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Question about pulpit type jibboms/bowsprits.


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I have decided to resume the construction of my Ersatzia/fake Wasa build and installed the jibbom/bowsprit.It occurs to me that it would incredibly dangerous to reef or set the sail on that tiny platform in the open ocean.We all know how fast the weather can turn  nasty when sailing the ocean.is that part of the reason that this type was eventually discontinued?

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I think you are using the wrong word to describe the thing you are talking about. "pulpit" is, I think, found on the bows of modern ships and its the railed platform just big enough for a man to stand in a safe position at the bow. "Spritsail Top" is probably the more well known name for the circular platform at the base of the Spritsail Topmast I believe you are talking about. I would consult R.C. Anderson's book The Rigging of Ships in the Days of the Spritsail Topmast. Its got the words "spritsail topmast" right there in the title!

It sounds pedantic to harp on the uses of one phrase or word or another, but in discussing ship history and equipment you can't avoid it, you have to add a LOT of words to your vocabulary in order to make yourself understood or in order to understand what other people are talking about. I find this whole process really enjoyable since I am kind of a nomenclature nerd. I always recommend the book The Oxford Companion to Ships and the Sea. Its 967 pages of nautical terminology with great definitions and histories of usage.

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The reasoning behind going from a spritsail topmast to a jib boom rigging arrangement had to do with the desire to increase the area of head sails that can be carried.  You can carry much more sail area forward when you have additional fore and aft jib sails, stay sails, and flying jib sails.  Plus the spritsail topsail was always an awkward sail to rig.  When the ship was sailing close to the wind the cant of the spritsail yard made it extremely difficult to set the spritsail topsail.  This made the sail useful in only a limited range of conditions.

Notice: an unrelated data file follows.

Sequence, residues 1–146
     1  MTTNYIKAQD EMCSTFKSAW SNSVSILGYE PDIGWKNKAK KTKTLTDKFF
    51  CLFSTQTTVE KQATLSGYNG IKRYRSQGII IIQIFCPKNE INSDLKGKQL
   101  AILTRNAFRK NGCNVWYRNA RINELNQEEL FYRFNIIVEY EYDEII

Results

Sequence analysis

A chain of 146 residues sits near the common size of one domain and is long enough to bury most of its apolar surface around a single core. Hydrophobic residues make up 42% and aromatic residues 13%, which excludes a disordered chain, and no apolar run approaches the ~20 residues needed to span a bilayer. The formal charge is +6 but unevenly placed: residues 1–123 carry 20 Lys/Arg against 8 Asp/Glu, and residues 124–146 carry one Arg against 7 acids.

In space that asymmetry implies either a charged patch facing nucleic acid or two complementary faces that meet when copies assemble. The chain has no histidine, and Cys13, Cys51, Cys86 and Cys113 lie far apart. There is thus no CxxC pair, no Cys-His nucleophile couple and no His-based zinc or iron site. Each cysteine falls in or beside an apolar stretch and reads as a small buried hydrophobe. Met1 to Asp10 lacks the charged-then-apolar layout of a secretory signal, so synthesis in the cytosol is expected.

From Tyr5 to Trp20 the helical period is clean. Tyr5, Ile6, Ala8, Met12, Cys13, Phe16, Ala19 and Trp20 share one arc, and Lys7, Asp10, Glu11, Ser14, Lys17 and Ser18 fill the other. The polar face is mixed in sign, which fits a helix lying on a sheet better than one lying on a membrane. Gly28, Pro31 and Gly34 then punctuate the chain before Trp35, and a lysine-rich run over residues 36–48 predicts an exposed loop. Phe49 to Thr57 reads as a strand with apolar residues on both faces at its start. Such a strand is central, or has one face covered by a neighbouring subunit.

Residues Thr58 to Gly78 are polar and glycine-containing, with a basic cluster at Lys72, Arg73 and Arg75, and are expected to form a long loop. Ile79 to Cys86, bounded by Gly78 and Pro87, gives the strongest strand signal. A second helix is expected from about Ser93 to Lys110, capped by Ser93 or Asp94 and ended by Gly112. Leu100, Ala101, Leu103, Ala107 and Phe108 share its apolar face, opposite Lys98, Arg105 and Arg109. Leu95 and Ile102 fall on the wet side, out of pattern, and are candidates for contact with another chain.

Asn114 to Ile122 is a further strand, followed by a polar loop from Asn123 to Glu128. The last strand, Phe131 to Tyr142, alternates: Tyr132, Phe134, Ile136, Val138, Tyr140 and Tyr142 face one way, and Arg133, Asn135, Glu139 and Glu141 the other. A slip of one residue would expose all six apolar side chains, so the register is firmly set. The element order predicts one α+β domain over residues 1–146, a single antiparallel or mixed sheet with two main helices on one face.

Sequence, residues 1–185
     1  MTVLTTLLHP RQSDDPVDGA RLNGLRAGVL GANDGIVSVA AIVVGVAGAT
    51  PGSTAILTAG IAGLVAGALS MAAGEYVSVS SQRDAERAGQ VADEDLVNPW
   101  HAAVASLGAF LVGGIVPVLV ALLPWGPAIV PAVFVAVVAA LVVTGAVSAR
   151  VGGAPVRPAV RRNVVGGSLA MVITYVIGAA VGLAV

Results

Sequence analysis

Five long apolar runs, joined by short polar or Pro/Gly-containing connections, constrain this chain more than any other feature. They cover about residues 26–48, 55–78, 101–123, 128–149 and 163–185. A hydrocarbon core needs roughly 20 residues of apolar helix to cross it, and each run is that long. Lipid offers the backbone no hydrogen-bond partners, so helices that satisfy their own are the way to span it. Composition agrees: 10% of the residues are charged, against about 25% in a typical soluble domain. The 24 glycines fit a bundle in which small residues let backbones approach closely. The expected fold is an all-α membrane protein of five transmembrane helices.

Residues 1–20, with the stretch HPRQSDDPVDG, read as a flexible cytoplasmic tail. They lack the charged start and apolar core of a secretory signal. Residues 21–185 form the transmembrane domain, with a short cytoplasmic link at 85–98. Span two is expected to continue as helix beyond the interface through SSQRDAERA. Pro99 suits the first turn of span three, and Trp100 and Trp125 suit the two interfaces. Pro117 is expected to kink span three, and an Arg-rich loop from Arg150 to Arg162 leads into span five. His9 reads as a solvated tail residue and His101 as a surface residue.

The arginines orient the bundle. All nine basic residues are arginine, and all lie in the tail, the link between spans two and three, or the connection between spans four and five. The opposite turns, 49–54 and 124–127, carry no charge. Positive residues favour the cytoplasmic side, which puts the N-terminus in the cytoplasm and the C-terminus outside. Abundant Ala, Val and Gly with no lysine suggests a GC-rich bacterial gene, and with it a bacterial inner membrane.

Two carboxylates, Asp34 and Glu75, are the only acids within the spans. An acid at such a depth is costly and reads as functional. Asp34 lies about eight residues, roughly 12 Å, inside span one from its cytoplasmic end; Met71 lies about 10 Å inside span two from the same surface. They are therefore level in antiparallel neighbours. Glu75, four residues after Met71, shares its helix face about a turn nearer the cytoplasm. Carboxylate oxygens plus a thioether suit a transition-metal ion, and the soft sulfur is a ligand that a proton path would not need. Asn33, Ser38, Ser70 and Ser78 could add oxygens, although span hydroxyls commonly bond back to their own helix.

If you look at the progression of rigging development you will see where ships went from having a spritsail topmast to having a spritsail topmast and a jib boom together to finally just a jib boom.  You will also see the fore mast gradually being stepped further aft.  All of these changes increase the sail area forward to improve ship maneuverability.

 

Regards,

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Isn't it AMAZING nobody thought of the simple solution of triangular sails set on the EXISTING stays?  I guess ship builders were very conservative and reluctant to try crazy new ideas. They went to all that trouble of spritsails and spritsail topsails. Which also, by the way, completely block the view directly ahead for everyone on deck.

I have never done any square rigged sailing but my understanding is that you have to have some sort of headsail out on the bow or you can't go about by tacking. I don't think those spritsail topsails were providing much horsepower for the rest of the sailing operation of the ship, but without them they couldn't turn through the eye of the wind.

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